The stunning developments were greeted with extreme sarcasm by one former minister in the right-wing ERG bloc. ‘We’re ecstatic. All we need is for Tobias Ellwood to be Defence Secretary and our joy will be complete,’ they said.
A Tory aide said Mr Sunak was engaged in ‘top trolling of the right’. Ex-Cabinet minister Iain Duncan Smith, who has been sanctioned by China, said it was ‘astonishing’ to see Lord Cameron back.
‘It suggests that Sunak is intent on doing business with China at all costs,’ he told The Times.
MPs were further alarmed by arch-Remainer Lord Heseltine taking to TV to hail the return to the ‘centre ground’ and urge Mr Sunak to bring back George Osborne as well.
A Downing Street source said: ‘Rishi Sunak has asked Suella Braverman to leave government and she has accepted.’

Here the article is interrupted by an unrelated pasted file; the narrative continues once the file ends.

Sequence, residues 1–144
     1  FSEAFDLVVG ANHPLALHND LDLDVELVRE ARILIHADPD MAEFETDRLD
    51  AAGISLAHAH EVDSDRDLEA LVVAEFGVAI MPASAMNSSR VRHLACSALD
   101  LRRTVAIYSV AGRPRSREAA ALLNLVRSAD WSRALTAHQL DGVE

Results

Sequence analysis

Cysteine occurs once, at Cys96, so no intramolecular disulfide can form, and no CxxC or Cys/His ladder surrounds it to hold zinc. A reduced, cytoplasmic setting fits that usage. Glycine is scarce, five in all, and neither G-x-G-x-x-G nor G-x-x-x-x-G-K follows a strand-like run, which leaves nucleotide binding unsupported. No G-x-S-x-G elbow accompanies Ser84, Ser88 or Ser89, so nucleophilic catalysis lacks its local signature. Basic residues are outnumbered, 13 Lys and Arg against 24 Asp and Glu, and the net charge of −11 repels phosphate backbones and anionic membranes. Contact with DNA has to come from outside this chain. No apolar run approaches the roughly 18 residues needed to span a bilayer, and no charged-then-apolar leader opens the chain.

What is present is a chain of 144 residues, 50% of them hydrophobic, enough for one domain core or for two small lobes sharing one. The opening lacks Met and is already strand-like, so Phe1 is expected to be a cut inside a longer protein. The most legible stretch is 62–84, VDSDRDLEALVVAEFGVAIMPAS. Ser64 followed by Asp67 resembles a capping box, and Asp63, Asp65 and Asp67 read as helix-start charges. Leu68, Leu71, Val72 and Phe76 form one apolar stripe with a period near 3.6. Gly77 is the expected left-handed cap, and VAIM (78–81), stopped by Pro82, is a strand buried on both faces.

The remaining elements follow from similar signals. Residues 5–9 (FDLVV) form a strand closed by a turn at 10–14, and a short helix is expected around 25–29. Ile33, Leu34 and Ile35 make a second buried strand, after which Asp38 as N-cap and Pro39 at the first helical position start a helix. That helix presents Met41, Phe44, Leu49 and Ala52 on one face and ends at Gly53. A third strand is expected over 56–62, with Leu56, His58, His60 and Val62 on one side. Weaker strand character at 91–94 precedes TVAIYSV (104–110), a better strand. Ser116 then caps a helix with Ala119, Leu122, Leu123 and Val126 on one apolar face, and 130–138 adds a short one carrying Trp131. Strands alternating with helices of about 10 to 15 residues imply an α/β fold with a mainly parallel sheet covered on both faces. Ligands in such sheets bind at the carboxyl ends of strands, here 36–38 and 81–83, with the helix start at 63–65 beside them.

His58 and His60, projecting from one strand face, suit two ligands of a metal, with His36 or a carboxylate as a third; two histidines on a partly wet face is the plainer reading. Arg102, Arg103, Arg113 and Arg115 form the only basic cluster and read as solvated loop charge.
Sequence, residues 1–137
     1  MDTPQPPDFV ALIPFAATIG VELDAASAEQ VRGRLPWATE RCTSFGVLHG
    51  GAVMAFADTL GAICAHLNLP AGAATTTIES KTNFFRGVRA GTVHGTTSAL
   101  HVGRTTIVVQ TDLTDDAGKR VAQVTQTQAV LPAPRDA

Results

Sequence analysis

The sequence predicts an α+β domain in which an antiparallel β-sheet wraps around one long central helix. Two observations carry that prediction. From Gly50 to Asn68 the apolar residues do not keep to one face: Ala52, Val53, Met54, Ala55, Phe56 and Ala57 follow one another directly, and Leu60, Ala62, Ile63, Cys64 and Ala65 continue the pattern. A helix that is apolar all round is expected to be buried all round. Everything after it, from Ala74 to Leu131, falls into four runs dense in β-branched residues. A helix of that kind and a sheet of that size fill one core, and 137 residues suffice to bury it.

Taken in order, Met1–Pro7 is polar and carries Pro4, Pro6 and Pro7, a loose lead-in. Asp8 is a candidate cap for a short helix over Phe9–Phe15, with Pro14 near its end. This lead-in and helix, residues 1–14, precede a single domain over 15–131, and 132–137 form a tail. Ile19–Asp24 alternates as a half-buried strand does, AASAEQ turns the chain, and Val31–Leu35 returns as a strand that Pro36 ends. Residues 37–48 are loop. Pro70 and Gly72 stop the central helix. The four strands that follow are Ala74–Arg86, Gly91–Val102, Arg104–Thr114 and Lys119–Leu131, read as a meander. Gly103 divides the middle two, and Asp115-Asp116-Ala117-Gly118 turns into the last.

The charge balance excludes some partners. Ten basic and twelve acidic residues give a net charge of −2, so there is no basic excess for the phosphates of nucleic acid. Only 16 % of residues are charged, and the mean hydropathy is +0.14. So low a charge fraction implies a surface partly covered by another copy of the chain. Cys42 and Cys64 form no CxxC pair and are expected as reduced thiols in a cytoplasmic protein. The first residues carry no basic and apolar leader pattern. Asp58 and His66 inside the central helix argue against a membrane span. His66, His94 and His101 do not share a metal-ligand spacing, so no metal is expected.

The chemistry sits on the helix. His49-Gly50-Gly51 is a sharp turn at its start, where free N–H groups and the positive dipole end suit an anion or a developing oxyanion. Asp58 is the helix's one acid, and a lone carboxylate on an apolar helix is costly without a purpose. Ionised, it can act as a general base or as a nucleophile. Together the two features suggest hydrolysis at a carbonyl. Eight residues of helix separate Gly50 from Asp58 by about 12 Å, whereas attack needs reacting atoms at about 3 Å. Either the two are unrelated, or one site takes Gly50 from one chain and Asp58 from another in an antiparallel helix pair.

In an ominous response, Ms Braverman said: ‘It has been the greatest privilege of my life to serve as Home Secretary. I will have more to say in due course.’
Westminster was shock as David Cameron emerged from an official car in Downing Street this morning to be made Foreign Secretary
Foreign Secretary James Cleverly (right) has taken over in the Home Office. In a decision that sent an earthquake through Westminster David Cameron (left) has taken over Mr Cleverly’s old job
Suella Braverman was sacked as Home Secretary by Rishi Sunak today
The PM is trying to restore his authority with potentially less than a year to a general election
Mr Cameron is the first member of the Upper House to hold the role since Lord Carrington in the 1980s
The Conservatives announced the reshuffle was starting with a message on social media saying Mr Sunak is ‘strengthening his team… to deliver long-term decisions for a brighter future’
The now Lord Cameron said he had ‘gladly accepted’ the appointment as Foreign Secretary